Australia has produced extraordinary journalists across three generations: Wilfred Burchett (deceased in 1983), John Pilger (80 years old but still active) and Julian Assange (48 years old, currently in London’s Belmarsh prison).
Each of these journalists made unique contributions to our understanding of the world. Although Australia is part of the western world, each of these journalists exposed and criticized Western foreign policy.
Wilfred Burchett lived from 1911 to 1983. He was a farm boy and his experience in the depression shaped his dislike of oligarchs and preference for the poor. He went to Europe trying to volunteer for Republicans in the Spanish Civil War but that did not work out. Instead, he assisted Jews escaping Nazi Germany.
Burchett became a journalist by accident. Having seen the reality in Germany, he started writing many letters to newspaper editors. One of the editors took note of his fluid writing style and intensity. They contacted him to ask if he would like to report for them. Thus began a forty year writing career.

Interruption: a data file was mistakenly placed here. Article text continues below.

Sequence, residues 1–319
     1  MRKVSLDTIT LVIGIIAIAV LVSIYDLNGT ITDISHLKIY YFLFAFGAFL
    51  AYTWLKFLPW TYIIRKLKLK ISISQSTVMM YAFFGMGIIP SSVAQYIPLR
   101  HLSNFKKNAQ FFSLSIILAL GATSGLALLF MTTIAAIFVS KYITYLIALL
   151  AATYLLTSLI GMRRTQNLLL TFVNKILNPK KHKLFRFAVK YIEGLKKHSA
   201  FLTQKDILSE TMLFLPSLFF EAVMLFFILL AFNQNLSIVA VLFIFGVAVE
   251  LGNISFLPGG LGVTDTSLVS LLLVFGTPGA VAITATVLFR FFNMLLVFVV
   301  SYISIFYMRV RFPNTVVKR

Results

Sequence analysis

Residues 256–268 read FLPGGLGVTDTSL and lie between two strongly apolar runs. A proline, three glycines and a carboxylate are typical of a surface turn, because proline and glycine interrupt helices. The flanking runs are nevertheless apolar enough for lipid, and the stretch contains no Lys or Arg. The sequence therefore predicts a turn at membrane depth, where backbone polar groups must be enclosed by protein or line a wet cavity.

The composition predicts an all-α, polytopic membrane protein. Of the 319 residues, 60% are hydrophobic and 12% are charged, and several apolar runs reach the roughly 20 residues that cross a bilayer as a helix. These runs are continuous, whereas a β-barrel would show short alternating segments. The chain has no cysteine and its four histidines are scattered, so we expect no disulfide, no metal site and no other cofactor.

He covered WW2, first stationed with British troops in India then Burma. Then he covered the Pacific campaign stationed with U.S. troops. He was the first international journalist to report on Hiroshima after the atomic bomb. He evaded US military restrictions to go to Hiroshima and see reality for himself. In his story “The Atomic Plague”, published in the London Daily Express, Burchett said, “I write this as a warning to the world” and “Doctors fall as they work”. Immediately the US launched a campaign to smear his reputation and deny the validity of his story. The US military was intent on preventing people from knowing the long term effects of nuclear radiation.
Burchett’s report from Hiroshima was broadcast world wide and called the “scoop of the century”. It exemplified his career based on first hand observation and experience.
Over his 40 year career he reported the other side of the story from the Soviet Union, China, Korea and Vietnam. He wrote thousands of articles and over 35 books. On China he wrote “China’s Feet Unbound” in 1952. Two decades later he wrote (with Rewi Alley) “China: The Quality of Life”.